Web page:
Transmission: Power x Range

Hey guys!! I’m trying to study radio transmission. But I don’t get how power can influence the range. All I know is as greater the power, farter I can reach, but I’m searching for some formula or calculous to explain it better in my project report. I’d appreciate who give me some light on this.

Range depends on the frequency and propagation. It has little to do with power input to the final amplifier stage of the radio. I regularly communicate around the world on 40 meters with less than 5 watts of power input to the tranmitter’s PA stage.

What makes it possible to do that is the frequency, propagation characteristics, s/n ratio, sensitivity of the receiver on the receiving end, and antennas. I use a phased array of 33 foot tall vertical polarized antennas to do it, which have a low radiation takeoff angle, high gain in the forward lobe, high f/b rejection, and 20dB attenuation to horizontally polarized noise (like from powerlines).

Doubling the power at the amplifier increases the signal by 3dB. Increasing the antenna gain by 3dB does the same thing without increasing the power. Both will provide an ERP (Effective Radiated Power) increase of 3dB.

If you are familiar with S-meters (signal strength meters) one S-unit is 6dB. If the station or receiver at the receiving end has a barely readable signal at say S-4 and that signal is just over the noise floor, doubling the power of the transmitter will only increase the signal by 1/2 an S-unit. The receiving end won’t even notice it. Doubling the power again (4x the original power) will only increase the signal to an S-5. Doubling the power once more (8x the original power) will once again only raise the signal to an S-5.5

I hope you can see increasing the power at the amplifier is fruitless. At 8x the power you only increased your gain by 9dB.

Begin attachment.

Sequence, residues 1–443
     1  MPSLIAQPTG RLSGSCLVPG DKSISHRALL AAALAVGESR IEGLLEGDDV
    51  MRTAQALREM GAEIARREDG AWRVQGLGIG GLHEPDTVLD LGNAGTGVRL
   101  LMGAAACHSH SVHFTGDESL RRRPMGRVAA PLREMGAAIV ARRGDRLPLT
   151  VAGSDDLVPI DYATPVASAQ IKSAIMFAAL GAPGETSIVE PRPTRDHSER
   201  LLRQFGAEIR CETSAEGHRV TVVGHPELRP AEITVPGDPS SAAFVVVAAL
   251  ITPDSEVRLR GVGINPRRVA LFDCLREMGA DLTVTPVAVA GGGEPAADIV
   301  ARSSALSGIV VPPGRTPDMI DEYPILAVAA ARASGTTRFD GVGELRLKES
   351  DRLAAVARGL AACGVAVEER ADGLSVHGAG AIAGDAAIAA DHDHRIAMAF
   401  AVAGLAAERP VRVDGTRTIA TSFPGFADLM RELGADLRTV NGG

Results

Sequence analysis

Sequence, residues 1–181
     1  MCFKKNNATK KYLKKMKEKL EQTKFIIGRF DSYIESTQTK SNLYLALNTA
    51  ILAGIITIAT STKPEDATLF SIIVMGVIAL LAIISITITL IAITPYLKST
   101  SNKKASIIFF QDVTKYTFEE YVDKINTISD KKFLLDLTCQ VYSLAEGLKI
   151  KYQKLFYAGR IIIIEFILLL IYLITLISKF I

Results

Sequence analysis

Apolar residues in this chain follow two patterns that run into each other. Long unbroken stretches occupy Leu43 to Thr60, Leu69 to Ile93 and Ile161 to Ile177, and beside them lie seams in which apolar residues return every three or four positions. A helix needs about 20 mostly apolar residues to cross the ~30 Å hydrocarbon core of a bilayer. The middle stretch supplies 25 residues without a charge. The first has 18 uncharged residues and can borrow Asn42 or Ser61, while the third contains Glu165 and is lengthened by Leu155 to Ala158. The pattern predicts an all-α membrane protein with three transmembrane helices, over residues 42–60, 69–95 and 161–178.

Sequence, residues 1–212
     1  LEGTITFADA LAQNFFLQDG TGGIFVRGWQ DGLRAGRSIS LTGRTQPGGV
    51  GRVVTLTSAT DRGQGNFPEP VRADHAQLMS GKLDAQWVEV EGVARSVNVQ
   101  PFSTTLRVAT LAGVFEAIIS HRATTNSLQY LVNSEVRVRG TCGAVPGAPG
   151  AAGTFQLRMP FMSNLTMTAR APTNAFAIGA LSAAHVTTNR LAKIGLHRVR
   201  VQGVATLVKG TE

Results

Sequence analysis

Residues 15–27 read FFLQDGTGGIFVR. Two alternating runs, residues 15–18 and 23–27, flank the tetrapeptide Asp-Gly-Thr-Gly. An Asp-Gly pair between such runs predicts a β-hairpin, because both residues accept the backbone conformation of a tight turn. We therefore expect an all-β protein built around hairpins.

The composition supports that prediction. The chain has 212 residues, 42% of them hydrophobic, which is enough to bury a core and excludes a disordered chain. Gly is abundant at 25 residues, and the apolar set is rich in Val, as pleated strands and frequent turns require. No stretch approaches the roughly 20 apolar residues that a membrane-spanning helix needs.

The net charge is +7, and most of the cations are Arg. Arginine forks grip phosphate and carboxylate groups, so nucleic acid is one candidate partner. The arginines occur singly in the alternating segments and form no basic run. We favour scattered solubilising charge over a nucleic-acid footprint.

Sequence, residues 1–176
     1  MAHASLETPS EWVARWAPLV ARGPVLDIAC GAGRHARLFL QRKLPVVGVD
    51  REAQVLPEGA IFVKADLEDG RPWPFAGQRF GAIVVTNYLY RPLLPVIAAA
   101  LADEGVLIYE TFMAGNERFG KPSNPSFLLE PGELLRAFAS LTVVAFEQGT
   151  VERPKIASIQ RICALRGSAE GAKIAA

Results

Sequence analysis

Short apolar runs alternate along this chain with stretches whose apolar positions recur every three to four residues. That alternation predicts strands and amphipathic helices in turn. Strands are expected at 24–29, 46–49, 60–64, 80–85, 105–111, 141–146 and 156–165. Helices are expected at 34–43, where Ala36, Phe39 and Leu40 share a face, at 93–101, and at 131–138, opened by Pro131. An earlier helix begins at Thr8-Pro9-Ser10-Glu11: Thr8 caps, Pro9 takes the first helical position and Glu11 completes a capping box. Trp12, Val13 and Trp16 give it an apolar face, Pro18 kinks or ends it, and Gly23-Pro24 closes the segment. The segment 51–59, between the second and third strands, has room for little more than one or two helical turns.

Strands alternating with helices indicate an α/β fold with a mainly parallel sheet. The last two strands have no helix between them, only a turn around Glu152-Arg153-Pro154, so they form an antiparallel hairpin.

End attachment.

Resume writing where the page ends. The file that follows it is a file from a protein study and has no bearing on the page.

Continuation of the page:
However, a high-gain directional antenna array can easily provide 30dB gain at VHF and UHF (microwave) frequencies. The lower the frequency the harder it gets to increase gain because of the size of the antenna array.

So with the original power and a 30dB gain antenna your S-4 signal at the receiver is now S-9. Double the power with the 30dB gain antenna and you are at 3db over 9. Quadruple the power and you are at 6dB over 9. 8x the power gives you what ham operators call “10 over”, which means 10dB over 9 on the S-meter.

Summary: If you want range, spend your money on the antenna, not on power.

Thank you very much! You gave me a good north, but I still have some doubts. What do you suggest me to read and study about antennas? Do you know any site, book or manuals you’d like to recomend?

If you want to study RF transmission then I suggest this presentation. It will guide you through almost every aspects of RF engineering that relevant in remote controlling and data radios. Use it as a guideline, if something is not clear use wiki, google or ask here…

If you want to get deep into antenna theory as well as practical application and design the American Radio Relay League publishes this book set for ham radio operators for the last 80 years:

If you’ve ever wondered how it is possible for a dune buggy on Mars to send data and pictures back to earth with a 100W transmitter, what makes that possible is the antennas, not power. It is the ultimate RC vehicle.